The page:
Q I was going through some old things and I came across a couple of older items that I’m curious about. I hope you have more of a clue about them than I do. One is an old toy register with some coins. It’s an oldie that’s made out of metal and the coins are metal too!
The other item is a View-Master with its original box and about 20 reels, including the “Forging a Nation” set of View-Master reels. If you have any clue about these items or would know of someone/place that might be interested in them, let me know. — L.D., Arnott, Wis.
A View-Masters have been in continuous production since 1939, when Sawyer’s of Portland, Ore., first introduced the View-Master at the New York World’s Fair. The earliest viewers (known as the Model A viewer) are marked “PAT.APPLD.FOR”; they are made from lightweight Kodak Tenite plastic and are prone to warping. Some versions of the Model A have speckles encased in the plastic, which makes for an attractive design, but are potentially noxious: the speckles are made of asbestos.
You, however, have a View-Master Model C, which was produced between 1946 and 1955 and retailed for $2. The Model C is made from much more stable and sturdy Bakelite, so many of these viewers are still around and in great condition. This was the first model of View-Master that had a slot to accept the photo reels; previous models were hinged, opening up like a clam to accept the reels.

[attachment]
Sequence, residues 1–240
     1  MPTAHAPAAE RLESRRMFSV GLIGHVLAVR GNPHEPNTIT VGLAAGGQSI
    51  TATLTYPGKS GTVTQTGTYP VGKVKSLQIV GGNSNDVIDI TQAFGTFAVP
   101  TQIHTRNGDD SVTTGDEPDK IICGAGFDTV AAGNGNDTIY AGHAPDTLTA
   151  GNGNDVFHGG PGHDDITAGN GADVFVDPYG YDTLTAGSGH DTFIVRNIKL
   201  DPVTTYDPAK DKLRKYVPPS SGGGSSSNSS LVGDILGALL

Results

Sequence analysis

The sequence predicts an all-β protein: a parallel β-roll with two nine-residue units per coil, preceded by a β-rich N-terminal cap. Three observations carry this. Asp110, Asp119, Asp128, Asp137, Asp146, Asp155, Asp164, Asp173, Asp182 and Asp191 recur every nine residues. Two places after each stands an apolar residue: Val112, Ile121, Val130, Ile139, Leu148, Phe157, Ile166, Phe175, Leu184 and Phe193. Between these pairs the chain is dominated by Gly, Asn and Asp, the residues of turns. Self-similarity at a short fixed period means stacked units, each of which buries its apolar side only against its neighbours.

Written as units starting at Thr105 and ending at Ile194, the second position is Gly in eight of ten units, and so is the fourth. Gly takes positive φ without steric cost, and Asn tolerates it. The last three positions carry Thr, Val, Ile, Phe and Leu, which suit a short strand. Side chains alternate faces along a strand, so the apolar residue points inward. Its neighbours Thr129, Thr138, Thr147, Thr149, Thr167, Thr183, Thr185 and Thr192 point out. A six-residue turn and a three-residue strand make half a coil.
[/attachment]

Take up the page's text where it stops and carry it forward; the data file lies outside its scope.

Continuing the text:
Using recent online auction results as a guide, the Model C View-Master with its box is trading at about $10. Add in consideration for the reels, and you might add another $5 to $10 in value, bringing your View-Master kit’s total value up to about $20 or so.
This is as sturdy a toy as you will find, so you may want to share it with a youngster rather than selling it.
A Your Junior Merchant bank was made in the 1950s by Kamkap Inc. of 200 Fifth Ave., New York. Promotional advertisements promised, “Boys and girls love to play store and make change with this clever life-like register!”
The Kamkap company produced several models of the Junior Merchant Bank over the years, some with working buttons, and some without, with varying graphics and color schemes. Your version features an all-red body, working cash buttons and a steel-colored drawer. Collectors report the Junior Merchant Bank as being common, i.e. easily found and inexpensive.
After analyzing online auction and store results, I would give your steel toy cash register a value of $15 to $25. This is another toy that may be worth more for developing a child’s imagination and interactive play skills than padding your pocketbook.
Karen L. Knapstein is Print Editor for Antique Trader. A lifelong collector and student of antiques, she lives in Wisconsin with her husband, Joe, and daughter, Faye. She can be reached at email@example.com.
*Appraisals are personal opinions of value and are to be considered for entertainment purposes only and may not to be used for any other purpose, either legal or personal. Personal replies are not possible.
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